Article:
Prairie Village council unanimously approves statement on racial justice

Demonstrators at the Stand Up For Black Lives march and rally in Prairie Village earlier this month.

The Prairie Village City Council last week unanimously approved a joint statement on racial justice, signed by all 12 councilmembers and Mayor Eric Mikkelson.

At the council’s Monday meeting, councilmembers and city staff discussed various revisions to earlier drafts of the statement. The final, approved version begins:

“As elected leaders who represent the City of Prairie Village, our hearts are heavy following the tragic and senseless killing of George Floyd and other people of color wrongfully killed or brutalized by police or armed vigilantes. Mr. Floyd’s death, and others who have died at the hands of prejudice, have evoked pain and anger for many within Prairie Village and throughout the nation. So their deaths will not be in vain, we pledge to fight systemic and individual racism. The countless number of race-related crimes against Black people throughout history and continuing to the present is appalling, inexcusable, and unacceptable.”

Police Chief Tim Schwartzkopf said the Minneapolis police officers charged in Floyd’s death and any other police officers who use excessive force or otherwise engage in misconduct should be held accountable. He spoke of the Stand Up for Black Lives march and rally held earlier this month in Prairie Village and expressed pride in his department’s and the community’s responses.

“Our staff had some very positive conversations with residents, and it was another time for us to listen to some of their concerns,” Schwartzkopf said. “Council, our department is committed to treat everyone with dignity, respect and without bias. I want you and our community to know that the Prairie Village Police Department thoroughly investigates any police wrongdoing or police misconduct or excessive force. We, too, will hold ourselves accountable for our actions.”

In describing the issue’s importance, Ward 4 Councilmember Sheila Myers referenced recent vandalism to a memorial marker in Kansas City, Mo., for Levi Harrington, a black man who was lynched in Kansas City on April 3, 1882, and said that racism was “still alive” and “isn’t going away.”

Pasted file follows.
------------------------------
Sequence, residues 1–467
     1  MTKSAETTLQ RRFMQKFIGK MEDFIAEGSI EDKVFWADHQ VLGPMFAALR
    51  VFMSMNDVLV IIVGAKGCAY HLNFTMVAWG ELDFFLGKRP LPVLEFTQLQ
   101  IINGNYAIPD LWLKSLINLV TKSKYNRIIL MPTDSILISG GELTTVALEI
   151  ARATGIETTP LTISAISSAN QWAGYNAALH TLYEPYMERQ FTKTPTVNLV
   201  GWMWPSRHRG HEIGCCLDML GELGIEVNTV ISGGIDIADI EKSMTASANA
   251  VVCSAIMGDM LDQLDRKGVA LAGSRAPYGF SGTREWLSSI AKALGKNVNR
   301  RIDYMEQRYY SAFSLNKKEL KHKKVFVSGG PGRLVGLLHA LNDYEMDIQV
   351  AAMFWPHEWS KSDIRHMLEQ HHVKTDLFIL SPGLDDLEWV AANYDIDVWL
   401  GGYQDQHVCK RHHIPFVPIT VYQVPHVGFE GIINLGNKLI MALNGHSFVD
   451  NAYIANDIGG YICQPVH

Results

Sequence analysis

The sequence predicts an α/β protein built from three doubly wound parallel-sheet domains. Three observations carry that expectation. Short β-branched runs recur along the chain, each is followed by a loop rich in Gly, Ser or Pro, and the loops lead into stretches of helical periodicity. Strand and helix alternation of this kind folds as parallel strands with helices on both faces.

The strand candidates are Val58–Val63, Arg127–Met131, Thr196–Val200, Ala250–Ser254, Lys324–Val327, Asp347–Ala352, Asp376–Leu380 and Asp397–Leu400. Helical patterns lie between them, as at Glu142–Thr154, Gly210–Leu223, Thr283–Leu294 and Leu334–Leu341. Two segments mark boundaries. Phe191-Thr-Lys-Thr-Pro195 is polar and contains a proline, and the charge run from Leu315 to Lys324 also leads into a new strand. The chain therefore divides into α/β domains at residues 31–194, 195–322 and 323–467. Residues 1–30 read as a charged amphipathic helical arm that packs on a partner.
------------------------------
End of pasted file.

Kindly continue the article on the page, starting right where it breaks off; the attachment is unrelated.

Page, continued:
In suggesting revisions to the statement, Ward 3 Councilmember Tucker Poling removed a reference to city staff because he thought it was unfair to pressure them to sign statements on other issues that they might not agree with, he said.

“I know staff would all agree with all of these sentiments,” Poling said, “but … I think it’s really important to keep a line of separation between the role of elected officials and the role of staff. … This line of separation I think protects staff in the long term, and it protects the integrity of democratic government. … It’s not to slight staff; it’s actually to protect staff.”

He also described racism as “a problem of the present” and said it involved not only racial hatred but also unconscious bias. Ward 6 Councilmember Ian Graves agreed.

“There indeed are structural and historical reasons that lay out why all of us on this council are white,” Graves said. “And so, I think part of being anti-racist is being able to self-analyze your racial biases and how structural racism plays into that. We as a city can demonstrate that by calling out our structural history with racism and redlining.”

Ward 5 Councilmember Courtney McFadden, however, supported including city staff as signatories to the statement.

“I feel like on this issue, giving them the opportunity to also weigh in is an important point,” McFadden said. “Other city councils have included staff. Other workplaces also have included staff in such statements.”

In the end, staff were excluded from the statement. Mikkelson supported having only the governing body sign it but said the body could encourage staff to sign it later if they wanted to.

Calls for other local elected bodies to take tangible actions to fight racism have been issued lately, including from Johnson County Commissioners Janeé Hanzlick and Becky Fast. In an editorial published Monday, The Kansas City Star’s editorial board argued that the Shawnee Mission School District’s recent pledge to tackle systemic racism in education had not been “backed up with a real commitment to diversity in the teaching and administrative ranks.”